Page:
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How the teachers pandemic is transforming education in the 5G era

How the teachers pandemic is transforming education in the 5G era

Mark Davidson remembers the start of the COVID-19 pandemic as a "slow, rolling jolt". He could see it coming, but it was still shaking when it hit.

“We heard from the government on Friday that we will be back to school on Monday. Then we heard Sunday: 'No, you won't, and you need to enable at-home learning as soon as possible,'" says Davidson, superintendent of Medicine Hat Public Schools Division in southern Alberta.

Even with such a short time, the division managed to develop online resources and reorganize classrooms in a matter of days so that all 7,500 students from 17 schools—from kindergarten to high school seniors—have access to home learning. have the necessary things.

Teachers across the country faced similar challenges with equal courage. While the transition to this new distribution format was cumbersome, many found a silver lining in the rapid adoption of digital technology.

"Employees felt that some of the online tools they feared were accessible to them and required skills that were already within their reach," says Davidson.

future of digital education
Even as students return to the classroom as the pandemic rages, digital technology will become a vital part of their education system.

Therefore, the rollout of 5G technology across Canada is an essential resource for teachers and students going forward. TELUS 5G is already available in all major cities and is expanding rapidly in all regions, preparing Canadian schools for a future of digital education – a future that teachers are already embracing. By the end of the year, TELUS 5G is expected to cover more than 70 percent of Canada's population.

Toronto-based Future Design School helps schools in North America innovate and plan for new ways of teaching and learning. The company's CEO and serial entrepreneur Sarah Prewett says teachers are excited about the technological advances and advances in delivery strategies during the pandemic, which have made it possible for them to adopt new teaching methods in addition to more traditional ones.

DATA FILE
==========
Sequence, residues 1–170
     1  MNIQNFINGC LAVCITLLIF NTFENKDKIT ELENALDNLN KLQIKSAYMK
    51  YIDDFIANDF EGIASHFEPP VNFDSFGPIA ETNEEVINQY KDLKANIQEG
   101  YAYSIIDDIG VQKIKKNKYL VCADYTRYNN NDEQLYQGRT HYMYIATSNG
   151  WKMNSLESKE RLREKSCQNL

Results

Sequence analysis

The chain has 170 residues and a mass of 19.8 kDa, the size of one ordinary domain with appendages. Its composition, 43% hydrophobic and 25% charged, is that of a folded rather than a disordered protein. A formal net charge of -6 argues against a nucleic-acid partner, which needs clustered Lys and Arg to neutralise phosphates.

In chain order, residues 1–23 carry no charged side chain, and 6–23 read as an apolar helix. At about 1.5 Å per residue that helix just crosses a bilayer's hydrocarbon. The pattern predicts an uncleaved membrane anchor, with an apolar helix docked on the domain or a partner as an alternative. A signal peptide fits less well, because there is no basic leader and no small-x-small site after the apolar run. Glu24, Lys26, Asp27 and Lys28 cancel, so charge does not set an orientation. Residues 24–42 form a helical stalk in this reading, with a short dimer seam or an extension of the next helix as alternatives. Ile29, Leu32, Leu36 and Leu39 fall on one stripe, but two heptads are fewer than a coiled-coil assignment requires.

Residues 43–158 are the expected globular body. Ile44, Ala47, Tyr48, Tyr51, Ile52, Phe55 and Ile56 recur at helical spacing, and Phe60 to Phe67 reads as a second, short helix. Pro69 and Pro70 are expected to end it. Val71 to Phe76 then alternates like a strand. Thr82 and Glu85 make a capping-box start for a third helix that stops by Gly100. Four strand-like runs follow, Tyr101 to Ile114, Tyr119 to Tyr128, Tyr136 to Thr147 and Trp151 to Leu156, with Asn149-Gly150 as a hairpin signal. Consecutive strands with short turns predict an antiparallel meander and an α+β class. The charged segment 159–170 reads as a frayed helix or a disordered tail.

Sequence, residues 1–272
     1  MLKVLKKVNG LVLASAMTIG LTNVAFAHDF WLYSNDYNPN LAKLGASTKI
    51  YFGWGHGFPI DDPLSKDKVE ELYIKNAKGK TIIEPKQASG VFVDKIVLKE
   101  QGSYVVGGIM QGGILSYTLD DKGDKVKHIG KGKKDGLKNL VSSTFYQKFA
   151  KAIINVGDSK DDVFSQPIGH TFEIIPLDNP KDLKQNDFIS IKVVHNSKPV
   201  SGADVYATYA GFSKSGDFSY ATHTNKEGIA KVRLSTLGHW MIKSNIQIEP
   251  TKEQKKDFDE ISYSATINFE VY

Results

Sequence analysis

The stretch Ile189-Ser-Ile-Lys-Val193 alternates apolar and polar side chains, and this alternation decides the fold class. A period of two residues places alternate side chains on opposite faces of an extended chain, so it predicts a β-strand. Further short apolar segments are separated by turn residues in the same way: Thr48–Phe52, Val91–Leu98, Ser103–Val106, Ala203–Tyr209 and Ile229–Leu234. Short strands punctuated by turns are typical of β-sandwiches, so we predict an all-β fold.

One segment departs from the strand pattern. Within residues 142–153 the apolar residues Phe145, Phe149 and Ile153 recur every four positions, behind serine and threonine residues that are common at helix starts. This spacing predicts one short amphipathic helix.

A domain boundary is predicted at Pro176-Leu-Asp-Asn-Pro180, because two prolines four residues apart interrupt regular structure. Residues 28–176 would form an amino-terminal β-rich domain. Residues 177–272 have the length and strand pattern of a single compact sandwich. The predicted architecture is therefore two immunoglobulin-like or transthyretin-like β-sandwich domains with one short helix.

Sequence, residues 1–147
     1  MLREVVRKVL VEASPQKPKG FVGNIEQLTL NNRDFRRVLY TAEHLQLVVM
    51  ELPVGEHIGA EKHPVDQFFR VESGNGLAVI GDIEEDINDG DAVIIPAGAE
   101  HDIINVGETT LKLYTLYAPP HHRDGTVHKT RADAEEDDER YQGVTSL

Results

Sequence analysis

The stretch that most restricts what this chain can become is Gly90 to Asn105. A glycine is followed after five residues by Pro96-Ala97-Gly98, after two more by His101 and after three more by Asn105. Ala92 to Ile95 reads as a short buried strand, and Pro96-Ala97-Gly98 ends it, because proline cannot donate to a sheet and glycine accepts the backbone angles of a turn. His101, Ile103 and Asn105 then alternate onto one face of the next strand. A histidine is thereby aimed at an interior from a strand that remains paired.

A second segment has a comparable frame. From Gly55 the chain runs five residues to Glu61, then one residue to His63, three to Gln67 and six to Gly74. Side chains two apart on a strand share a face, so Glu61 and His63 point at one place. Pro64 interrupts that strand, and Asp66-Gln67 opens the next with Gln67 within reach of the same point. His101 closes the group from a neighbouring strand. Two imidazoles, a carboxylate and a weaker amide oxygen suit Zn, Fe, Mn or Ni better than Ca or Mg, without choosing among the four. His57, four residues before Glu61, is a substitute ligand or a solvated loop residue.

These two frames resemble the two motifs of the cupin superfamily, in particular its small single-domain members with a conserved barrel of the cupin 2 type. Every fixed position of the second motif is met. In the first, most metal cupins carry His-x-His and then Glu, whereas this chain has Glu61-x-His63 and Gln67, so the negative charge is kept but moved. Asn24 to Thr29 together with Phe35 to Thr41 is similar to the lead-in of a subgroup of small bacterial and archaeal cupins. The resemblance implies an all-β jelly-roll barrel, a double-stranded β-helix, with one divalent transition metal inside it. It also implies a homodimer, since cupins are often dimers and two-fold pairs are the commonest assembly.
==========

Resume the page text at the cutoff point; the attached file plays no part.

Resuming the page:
"Certainly what we've seen from teachers is that there is a reticence to go back to what is considered normal, and they really want to take advantage of all these new ways of leveraging technology to deeply engage students. Looking at ways," she says.

Amid the pandemic-induced changes, more teachers are employing "flipped classrooms," a concept that has existed for a long time but only became mainstream in the switch to online learning.

With the flipped classroom, students receive taped lectures or lessons ahead of time. They are encouraged to do their own research, then come to class ready to practice, discuss, or be involved in group projects.

The evaluation of students is also being reconsidered. As Prevet points out, "If I asked you a question and you can Google it with the answer, that's not a real assessment of knowledge."

Access to reliable connectivity is important
At Medicine Hat, where TELUS 5G is expected to come online this year, Davidson says teachers are making good use of educational software and apps. The division has come together to form its own online school called "The Hub", a distance learning option for children in elementary education up to class 9.

The 480-student center began in the fall of 2020 as an option to return to a physical school location or receive a pencil-and-paper package, and could continue permanently if enrollment remains stable. The services it provides benefit people with immune sensitivities, anxiety issues, and other challenges that make it difficult to attend school in person.

Face-to-face schools attract the majority of students, however, Davidson says that "we have found that there is a place and there are students for whom online learning is something we must keep and make sure it is of high quality." and is stable."

These types of developments provide even more space for students living in remote communities and who already rely on distance learning as a tool for learning. They will directly benefit from improving online offerings.

However, access to reliable, high-speed connectivity is the key to students' success and this is something TELUS is actively addressing. Recently, the tech company announced that it would be bringing its gigabit high-speed fiber network to more than one million homes and businesses in the coming years, including underserved and indigenous communities in BC. and Alberta.

Such efforts, as well as the tech company's ongoing 5G rollout, allow educators and educational platforms to think big. For example, Simbi is working with elders in First Nations and Indigenous communities to tell stories in their local dialects or languages, and Friedland is excited that expanding wireless connectivity could streamline this effort.

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